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Where does one find an aerospace Engineer to hire

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Marc Zeitlin

Exalted Grand Poobah
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Dec 11, 2015
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698
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Tehachapi, CA
I am most concerned about flutter nearing my desired Vne of 157kts (180mph).
I'd suggest that you be concerned about flutter at Vd, not just Vne, since that's the speed you are supposed to test at so that you can set Vne to 0.9 * Vd. So if you want a Vne of 157 KIAS (I assume you're talking IAS here, not TAS) then Vd would be 174.4 KIAS. And you'd do all your flutter testing to 175 KIAS to be able to set Vne to 157 KIAS.
 

Mad MAC

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Dec 9, 2004
Messages
653
Location
Hamilton New Zealand
Go through the PDF below and you will have done more than (WAG) 60% of the designers of homebuilt kits that have been sold. Build it conservatively using proven methods and then go fly, or hire a test pilot to fly, flutter test at increasing small increments of speed. If you have a lot of spare cash you can shake it on the ground first, but it still needs to be flown.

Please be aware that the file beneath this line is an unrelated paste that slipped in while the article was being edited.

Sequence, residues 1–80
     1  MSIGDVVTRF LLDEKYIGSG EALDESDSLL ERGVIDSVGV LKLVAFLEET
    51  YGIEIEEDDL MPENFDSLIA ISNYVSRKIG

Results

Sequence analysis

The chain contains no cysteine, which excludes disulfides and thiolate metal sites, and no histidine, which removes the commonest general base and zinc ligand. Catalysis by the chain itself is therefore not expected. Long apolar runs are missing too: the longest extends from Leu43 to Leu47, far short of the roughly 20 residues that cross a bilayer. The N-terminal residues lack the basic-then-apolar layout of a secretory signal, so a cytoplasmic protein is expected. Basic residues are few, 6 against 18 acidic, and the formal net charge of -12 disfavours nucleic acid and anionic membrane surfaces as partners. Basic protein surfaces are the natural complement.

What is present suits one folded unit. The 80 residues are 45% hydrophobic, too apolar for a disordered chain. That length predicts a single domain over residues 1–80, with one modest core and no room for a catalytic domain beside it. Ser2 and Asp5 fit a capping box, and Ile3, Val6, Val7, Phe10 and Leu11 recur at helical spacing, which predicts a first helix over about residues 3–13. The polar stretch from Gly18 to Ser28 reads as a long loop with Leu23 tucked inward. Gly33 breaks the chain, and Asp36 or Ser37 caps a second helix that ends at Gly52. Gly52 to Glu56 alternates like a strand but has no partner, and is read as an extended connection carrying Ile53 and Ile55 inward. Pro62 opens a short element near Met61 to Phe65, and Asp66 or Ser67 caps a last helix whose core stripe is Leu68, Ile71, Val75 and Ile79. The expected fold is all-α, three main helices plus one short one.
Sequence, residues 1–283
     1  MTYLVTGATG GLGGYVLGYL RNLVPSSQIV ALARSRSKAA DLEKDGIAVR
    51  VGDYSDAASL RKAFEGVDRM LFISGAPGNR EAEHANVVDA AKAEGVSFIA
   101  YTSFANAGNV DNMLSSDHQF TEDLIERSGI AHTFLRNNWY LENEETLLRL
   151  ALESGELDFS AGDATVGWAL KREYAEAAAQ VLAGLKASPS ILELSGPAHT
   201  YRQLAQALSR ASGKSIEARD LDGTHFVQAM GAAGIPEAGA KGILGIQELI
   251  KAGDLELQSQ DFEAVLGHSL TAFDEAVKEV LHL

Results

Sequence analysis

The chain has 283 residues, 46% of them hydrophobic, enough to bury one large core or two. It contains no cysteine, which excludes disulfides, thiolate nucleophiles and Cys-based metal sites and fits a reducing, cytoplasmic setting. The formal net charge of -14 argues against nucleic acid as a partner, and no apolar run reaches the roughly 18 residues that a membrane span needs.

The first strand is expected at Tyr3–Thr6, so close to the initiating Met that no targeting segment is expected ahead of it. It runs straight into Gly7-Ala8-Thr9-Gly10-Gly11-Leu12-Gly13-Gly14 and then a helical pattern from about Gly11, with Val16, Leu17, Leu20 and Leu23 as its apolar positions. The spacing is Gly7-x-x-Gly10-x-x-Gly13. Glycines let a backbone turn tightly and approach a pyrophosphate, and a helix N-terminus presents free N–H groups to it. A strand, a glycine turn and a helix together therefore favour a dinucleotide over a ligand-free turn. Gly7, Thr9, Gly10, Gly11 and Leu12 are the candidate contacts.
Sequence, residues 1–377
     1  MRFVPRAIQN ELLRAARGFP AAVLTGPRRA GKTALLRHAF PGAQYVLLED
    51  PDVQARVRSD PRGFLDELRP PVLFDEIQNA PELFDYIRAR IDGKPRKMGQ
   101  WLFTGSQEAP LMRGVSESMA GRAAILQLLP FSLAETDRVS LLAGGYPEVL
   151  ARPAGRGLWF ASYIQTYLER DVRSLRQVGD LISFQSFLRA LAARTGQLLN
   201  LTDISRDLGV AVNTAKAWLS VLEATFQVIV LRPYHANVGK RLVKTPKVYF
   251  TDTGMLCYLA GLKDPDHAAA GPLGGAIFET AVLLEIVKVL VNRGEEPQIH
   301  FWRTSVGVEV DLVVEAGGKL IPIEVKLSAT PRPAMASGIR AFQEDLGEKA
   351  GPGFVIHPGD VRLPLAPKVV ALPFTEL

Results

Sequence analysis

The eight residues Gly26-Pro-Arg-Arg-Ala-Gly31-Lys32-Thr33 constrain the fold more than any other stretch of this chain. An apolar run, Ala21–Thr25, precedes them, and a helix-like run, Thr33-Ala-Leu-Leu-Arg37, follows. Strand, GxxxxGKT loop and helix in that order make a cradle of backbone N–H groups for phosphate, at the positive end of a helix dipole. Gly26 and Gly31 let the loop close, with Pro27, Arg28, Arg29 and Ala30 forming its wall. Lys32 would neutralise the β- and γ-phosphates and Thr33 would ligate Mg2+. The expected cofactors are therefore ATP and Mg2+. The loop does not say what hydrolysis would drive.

What HotWings didn't state is that Report 45 was up until recent revisions of FAR 23 an acceptable means to for showing compliance to flutter requirements of FAR 23, just make sure you are within the acceptable configurations / envelope for report 45.

Build a prototype, using as much or as little formal engineering as you can afford, and then physically load test it with sandbags, like they did originally. Sandbag tests were done to verify the Cub, Taylorcraft, and a thousand other airplanes. Chet Peek's book on Taylorcrafts has photos of the sandbag testing done on the prototype in 1935.
Its been done far more recently than that and is very common. I have seen a metal airframe design with the skin one gauge lighter than required and load tested very carefully. They would release the load on appearance of any failure & add little gussets etc as required. It made for a very light airframe (weather one could get a home builder to add all the little gussets would be an interesting question) I have seen people test a wing just by testing the spar assembly (I don't think it had the effect skin width even on it). I do note that the LAA specifically don't accept this method due to the frequency with which they fined the rear spars are inadequate.